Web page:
• There are films that don’t necessarily reach artistic heights but are effective nonetheless. Rob Reiner’s LBJ is one such film. Its narrative is traditional and fairly by-the-numbers, but it gets the job done and very well at that, offering an intriguing portrait of Lyndon B. Johnson, the man who was the work-horse to John F. Kennedy’s show-horse.

    Covering the moments leading up to LBJ’s inheriting the burden of the American presidency from the assassinated Kennedy as well as the period of time when LBJ transitioned from Senate Majority Leader to Vice President, the meat of Joey Hartstone’s screenplay is the shifting dynamics between LBJ and three particular men, JFK (Jeffrey Donovan), RFK (Michael Stahl-David), and friend and Senator Richard Russell (Richard Jenkins). Before the film fully focuses on those relationships, Reiner establishes LBJ as an ornery man, the type to demand exactitude from an underling who provides him with an approximate number of votes he can expect to get for a bill and tell off fellow Texan Ralph Yarborough (Bill Pullman) by saying, “The only thing more annoying than a liberal is a liberal from Texas.” Yet, LBJ is also the sort to worry about the public’s opinion of him, especially since he’s about to throw his hat in the ring for the presidency and his main rival is the young and telegenic JFK.

    LBJ doesn’t quite understand why being the most intelligent and hardworking person wouldn’t immediately garner his party’s nomination. Initially, he maintains that nominations aren’t won on the campaign trail but rather on the convention floor but he’s devastated when JFK wins the nomination. He’s not particularly chomping at the bit when JFK discusses the vice presidency; neither is RFK, who points out that LBJ hasn’t exactly been a proponent of the civil rights movement and would therefore not give JFK’s civil rights bill the push it needs in order to become law. However, what RFK fails to realise and what JFK is savvy enough to acknowledge is that LBJ can work both sides of the aisle, appealing to the vehement Northern Dems and the more conservative Southern Dems. LBJ himself knows he’s the only one capable of having both sides compromise in order to get the bill through, and witnessing him convince both hardcore good ole boys like Russell and the liberal Kennedys to yield bit by bit is exciting stuff.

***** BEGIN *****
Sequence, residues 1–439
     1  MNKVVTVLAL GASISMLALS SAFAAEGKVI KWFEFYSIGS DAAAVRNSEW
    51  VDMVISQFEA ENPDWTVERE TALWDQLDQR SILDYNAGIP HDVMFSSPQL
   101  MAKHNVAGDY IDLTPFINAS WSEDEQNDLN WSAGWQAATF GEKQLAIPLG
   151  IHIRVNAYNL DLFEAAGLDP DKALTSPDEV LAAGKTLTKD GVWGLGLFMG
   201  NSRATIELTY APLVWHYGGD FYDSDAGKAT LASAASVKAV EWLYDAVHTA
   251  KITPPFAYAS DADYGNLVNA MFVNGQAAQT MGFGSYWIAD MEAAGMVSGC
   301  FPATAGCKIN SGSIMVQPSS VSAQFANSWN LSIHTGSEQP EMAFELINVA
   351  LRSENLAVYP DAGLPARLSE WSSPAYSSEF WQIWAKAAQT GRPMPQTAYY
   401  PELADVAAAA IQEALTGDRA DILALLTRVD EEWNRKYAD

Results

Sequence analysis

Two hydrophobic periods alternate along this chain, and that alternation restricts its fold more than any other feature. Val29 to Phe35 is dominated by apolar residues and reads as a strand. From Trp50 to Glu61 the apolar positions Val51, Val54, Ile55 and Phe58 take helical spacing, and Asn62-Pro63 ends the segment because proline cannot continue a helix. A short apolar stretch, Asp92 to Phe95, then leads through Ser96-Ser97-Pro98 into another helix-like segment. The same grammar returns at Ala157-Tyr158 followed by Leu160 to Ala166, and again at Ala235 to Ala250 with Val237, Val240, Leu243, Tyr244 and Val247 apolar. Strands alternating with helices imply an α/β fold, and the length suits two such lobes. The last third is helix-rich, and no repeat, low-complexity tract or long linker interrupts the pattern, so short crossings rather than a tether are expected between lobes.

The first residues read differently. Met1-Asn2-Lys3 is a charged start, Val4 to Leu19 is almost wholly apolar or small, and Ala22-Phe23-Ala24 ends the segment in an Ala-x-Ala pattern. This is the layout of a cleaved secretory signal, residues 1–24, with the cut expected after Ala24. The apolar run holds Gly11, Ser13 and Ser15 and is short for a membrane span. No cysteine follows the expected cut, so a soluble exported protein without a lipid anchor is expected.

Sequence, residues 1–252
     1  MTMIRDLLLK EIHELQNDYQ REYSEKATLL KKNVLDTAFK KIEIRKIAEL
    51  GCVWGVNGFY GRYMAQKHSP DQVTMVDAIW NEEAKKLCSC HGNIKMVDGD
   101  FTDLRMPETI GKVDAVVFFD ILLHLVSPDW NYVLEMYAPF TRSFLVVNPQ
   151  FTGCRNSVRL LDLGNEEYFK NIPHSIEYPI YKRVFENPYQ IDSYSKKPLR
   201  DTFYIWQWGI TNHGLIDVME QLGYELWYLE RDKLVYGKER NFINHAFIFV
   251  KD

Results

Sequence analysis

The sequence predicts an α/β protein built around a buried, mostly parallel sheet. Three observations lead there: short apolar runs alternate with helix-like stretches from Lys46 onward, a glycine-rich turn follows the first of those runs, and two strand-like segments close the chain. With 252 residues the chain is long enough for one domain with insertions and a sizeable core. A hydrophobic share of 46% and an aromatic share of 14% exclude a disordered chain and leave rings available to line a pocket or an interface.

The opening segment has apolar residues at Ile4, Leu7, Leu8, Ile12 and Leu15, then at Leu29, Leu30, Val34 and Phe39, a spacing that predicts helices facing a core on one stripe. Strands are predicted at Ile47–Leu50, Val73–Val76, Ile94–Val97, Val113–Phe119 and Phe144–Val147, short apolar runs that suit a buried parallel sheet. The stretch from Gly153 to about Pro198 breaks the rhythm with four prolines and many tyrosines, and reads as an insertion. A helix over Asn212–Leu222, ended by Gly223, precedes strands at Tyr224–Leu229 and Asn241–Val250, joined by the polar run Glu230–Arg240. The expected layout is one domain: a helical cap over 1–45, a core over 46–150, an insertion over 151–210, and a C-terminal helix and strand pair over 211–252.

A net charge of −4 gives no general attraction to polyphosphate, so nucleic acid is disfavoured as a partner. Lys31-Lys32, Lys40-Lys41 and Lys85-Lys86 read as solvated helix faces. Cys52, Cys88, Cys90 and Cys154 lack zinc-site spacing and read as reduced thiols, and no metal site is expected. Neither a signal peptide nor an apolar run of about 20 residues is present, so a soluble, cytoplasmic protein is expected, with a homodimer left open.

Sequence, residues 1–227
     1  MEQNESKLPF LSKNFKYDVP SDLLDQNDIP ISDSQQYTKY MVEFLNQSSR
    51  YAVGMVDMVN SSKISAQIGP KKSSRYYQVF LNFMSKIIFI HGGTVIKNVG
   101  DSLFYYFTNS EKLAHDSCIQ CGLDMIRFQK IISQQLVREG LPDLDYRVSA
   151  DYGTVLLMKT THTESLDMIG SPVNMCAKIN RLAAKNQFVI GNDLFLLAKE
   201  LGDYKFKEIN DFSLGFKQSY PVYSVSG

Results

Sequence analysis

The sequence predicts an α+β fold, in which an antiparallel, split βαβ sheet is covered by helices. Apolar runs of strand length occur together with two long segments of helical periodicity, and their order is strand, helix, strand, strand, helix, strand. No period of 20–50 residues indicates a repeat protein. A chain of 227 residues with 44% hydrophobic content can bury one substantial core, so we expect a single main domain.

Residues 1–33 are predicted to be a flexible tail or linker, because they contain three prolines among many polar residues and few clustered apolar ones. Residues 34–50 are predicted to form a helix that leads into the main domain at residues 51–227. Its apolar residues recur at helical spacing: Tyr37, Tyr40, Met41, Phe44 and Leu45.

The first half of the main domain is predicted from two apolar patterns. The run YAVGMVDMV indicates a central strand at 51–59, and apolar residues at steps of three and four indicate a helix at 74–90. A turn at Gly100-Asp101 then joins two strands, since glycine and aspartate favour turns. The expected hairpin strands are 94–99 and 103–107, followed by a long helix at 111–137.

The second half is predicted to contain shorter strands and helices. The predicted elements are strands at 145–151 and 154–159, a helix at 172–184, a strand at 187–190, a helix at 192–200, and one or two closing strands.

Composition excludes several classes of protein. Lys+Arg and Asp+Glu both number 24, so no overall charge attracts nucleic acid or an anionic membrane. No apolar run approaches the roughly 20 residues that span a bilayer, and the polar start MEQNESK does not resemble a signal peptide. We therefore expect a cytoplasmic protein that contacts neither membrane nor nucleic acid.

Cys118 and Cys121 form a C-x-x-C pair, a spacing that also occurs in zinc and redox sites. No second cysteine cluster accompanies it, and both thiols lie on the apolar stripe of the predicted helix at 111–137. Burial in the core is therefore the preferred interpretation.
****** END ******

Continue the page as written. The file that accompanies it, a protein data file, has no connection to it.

Though staging and execution are flat, LBJ works because of Harrelson’s excellent performance, which overcomes the all-too-obvious layers of prosthetics, and Hartstone’s willingness to leave LBJ’s motivations slightly ambivalent. Was he truly committed to propagate Kennedy’s liberal agenda because he believed in it or was his commitment borne out of his political shrewdness? It’s easy enough to believe that he respected and admired JFK though they necessarily didn’t share the same values, but was his motivation for pushing through JFK’s civil rights bill as is, no cuts or compromises, derived from a duty he felt for his fallen colleague or was it a way to curry favour from the American public? One never gets a definitive answer, but whatever LBJ’s genuine incentives, there’s no denying that he achieved a great deal during his tenure, including implementing the domestic program known as the Great Society, which encompassed Medicare, Medicaid and Head Start.